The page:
Across a crowded studio, through a small window, a bird perches precariously on a swaying washing line. Some pigs snort contentedly in the distance. All is peace and quiet.
Before long, I have drifted out of the external world and achieved a state of inner tranquillity.
"I don't think your knee and leg should be sticking out in quite that way," insists a grey-haired old lady, rudelyawakening me out of my transcendental torpor.
My body might have been at one with nature, and in harmony with the universe, but it appears to have unaccountably strayed from its original position.
In the manner of a young girl over-enthusiastically dissecting her first Barbie doll, she grabs hold of the protruding knee and rearranges the offending leg. And we have not even been properly introduced.
Unfortunately I am unable to respond to her cold hands. The mind is willing, but the flesh is fast asleep. "Ooooh," I cry out. "I think I've got cramp." Elaine, who runs weekly life-drawing classes on a farm just outside Colchester, decides this is as good a time as any to take five. "Male models usually fidget more than women," she points out as I slip into a dressing gown and grab a cup of coffee.
Angela, a veteran life-drawer, thinks I did well for a first timer, but confesses a preference for the female form. Curves are a lot easier to draw; breasts give the artist something to hold on to, so to speak.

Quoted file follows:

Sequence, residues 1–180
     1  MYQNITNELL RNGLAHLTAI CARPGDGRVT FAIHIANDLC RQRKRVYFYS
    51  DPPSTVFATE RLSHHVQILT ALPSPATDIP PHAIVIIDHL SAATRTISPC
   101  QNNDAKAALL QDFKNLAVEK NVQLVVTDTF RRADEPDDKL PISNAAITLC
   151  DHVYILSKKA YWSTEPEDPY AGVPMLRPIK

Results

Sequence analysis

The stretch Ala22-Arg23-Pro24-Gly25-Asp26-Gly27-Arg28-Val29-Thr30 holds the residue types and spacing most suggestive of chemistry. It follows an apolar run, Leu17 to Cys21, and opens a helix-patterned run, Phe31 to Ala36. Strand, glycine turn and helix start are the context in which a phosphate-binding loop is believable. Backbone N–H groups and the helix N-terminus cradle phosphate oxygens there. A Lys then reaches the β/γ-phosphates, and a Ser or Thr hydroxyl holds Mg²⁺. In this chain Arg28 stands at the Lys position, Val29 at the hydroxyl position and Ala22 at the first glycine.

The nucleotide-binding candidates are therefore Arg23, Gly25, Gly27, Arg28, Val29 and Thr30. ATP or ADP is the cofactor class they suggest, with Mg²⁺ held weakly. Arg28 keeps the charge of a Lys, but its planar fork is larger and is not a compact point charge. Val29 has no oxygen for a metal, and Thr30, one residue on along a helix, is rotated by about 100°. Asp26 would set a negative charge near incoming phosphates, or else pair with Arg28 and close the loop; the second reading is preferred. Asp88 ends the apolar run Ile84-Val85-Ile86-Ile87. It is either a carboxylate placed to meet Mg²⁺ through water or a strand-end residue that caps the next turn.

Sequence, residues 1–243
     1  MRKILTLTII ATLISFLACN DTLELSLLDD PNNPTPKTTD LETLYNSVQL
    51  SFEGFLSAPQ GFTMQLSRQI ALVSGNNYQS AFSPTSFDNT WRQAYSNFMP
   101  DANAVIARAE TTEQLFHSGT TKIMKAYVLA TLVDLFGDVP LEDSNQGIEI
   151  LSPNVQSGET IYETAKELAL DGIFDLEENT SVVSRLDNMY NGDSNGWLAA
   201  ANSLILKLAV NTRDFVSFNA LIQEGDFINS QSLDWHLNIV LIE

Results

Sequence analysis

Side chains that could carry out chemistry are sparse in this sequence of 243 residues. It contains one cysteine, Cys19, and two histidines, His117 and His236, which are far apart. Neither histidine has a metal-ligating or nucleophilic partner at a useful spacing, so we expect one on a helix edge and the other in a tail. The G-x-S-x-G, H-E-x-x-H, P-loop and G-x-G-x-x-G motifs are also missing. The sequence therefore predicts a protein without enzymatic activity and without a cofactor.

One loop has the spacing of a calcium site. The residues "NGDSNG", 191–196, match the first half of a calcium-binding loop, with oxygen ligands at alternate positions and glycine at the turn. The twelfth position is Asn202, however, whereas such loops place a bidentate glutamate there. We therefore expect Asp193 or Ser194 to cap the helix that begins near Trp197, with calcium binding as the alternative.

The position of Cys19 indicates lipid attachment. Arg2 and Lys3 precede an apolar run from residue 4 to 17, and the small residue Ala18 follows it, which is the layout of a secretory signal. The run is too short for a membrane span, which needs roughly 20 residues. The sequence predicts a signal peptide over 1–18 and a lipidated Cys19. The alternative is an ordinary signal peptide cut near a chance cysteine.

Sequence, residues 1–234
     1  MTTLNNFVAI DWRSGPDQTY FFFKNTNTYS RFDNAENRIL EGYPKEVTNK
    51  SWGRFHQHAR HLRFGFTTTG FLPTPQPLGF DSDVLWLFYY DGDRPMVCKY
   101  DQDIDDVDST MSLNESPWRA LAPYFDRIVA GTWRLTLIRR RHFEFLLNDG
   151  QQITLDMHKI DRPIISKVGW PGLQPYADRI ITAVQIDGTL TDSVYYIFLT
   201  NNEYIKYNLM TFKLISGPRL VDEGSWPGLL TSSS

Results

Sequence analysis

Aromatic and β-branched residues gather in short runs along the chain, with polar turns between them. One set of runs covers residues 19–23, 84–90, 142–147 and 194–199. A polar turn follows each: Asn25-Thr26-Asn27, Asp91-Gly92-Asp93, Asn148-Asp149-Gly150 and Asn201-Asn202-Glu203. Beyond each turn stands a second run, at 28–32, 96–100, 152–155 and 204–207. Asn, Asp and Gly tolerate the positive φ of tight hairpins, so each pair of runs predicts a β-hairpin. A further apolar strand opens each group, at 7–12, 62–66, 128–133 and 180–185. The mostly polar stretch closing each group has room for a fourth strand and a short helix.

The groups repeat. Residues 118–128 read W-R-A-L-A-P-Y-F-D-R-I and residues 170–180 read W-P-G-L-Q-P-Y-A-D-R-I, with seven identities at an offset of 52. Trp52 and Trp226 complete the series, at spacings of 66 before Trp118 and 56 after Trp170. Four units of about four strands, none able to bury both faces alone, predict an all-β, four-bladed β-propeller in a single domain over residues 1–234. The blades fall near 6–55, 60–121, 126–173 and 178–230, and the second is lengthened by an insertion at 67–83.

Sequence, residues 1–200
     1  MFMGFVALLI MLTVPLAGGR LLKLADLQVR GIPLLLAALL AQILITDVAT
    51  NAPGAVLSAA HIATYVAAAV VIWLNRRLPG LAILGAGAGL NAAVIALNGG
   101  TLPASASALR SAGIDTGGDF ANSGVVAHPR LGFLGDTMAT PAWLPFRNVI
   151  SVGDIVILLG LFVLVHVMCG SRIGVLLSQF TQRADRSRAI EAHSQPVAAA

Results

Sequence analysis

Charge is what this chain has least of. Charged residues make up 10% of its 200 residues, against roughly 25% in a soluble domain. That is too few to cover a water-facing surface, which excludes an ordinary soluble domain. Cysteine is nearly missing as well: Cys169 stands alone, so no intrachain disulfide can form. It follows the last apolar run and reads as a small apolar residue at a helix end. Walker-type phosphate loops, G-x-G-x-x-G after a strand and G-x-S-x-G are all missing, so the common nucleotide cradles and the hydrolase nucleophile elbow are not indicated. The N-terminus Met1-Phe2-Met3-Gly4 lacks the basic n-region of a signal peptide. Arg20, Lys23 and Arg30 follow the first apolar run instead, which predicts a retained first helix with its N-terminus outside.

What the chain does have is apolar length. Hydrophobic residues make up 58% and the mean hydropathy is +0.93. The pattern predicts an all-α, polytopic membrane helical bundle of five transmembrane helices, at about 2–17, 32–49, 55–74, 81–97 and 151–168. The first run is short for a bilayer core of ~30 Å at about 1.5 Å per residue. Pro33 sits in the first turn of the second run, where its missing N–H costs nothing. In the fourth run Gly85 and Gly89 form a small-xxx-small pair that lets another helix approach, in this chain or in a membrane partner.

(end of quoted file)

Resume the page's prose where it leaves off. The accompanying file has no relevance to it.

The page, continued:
One man, she giggles, had normal-sized legs but a huge tummy. "His body was enormous."
What does she think of me so far? "A little bit stiff at first but you gradually relaxed and got into it." David, who retired five years ago, thinks my eyes look tense. "Your rigidness was certainly noticeable there." My shoulders, however, were a joy to behold. "Wonderfully angular," he enthuses.
There is just time to wander around the wooden easels and take a peek at some works-in-progress. The standard is amazingly high - the possibilities of the lead pencil are, it seems, endless. Some of these sketches would not look out of place alongside Sickert's Woman In Front of a Mirror or even Matisse's Woman in an Armchair.
I sit down next to Sue, a model of 15 years standing, who tells me it's a one-hour pose. "Don't worry," she says when I gasp, "just let your muscles relax."
Easier said than done. How to avoid another bout of cramp? "Sometimes your arm goes to sleep in an awkward position. So don't lean on it for very long, otherwise it will go dead."
Will this not incur the wrath of the artists? I presumed Thou Shalt Not Move was one of the Ten Commandments. "Occupational hazard," chips in Elaine, who is busy sculpting my artistic anatomy; a tilt of the pelvis here, a twist of the elbow there.
The trick, says Sue, is to look as if you are relaxed. "After a while you get to know how to sit comfortably. It's a lot to do with balance - a bit like yoga, balancing body and mind. It's all about stilling the mind."
For the first 15 minutes, however, meditation proves impossible as my mind grasshops from football trivia to great advertising slogans of our time: "Go to Work on an Egg", "Beanz Meanz Heinz", "Refreshes the Parts other Beers cannot Reach".
Eventually my gaze fixes on the bird on the washing-line. I contemplate the void, blot out the ego and enter the internal world of consciousness. Instant karma.
A loud sigh breaks the spell. Although my mind is stilled, my knee is shaking uncontrollably.
"Please try not to move," pleads a shrill, familiar voice.
For more information about nude modelling contact: Cuckoo Farm Studios, Boxted Road, Colchester (01206 843530)Reuse content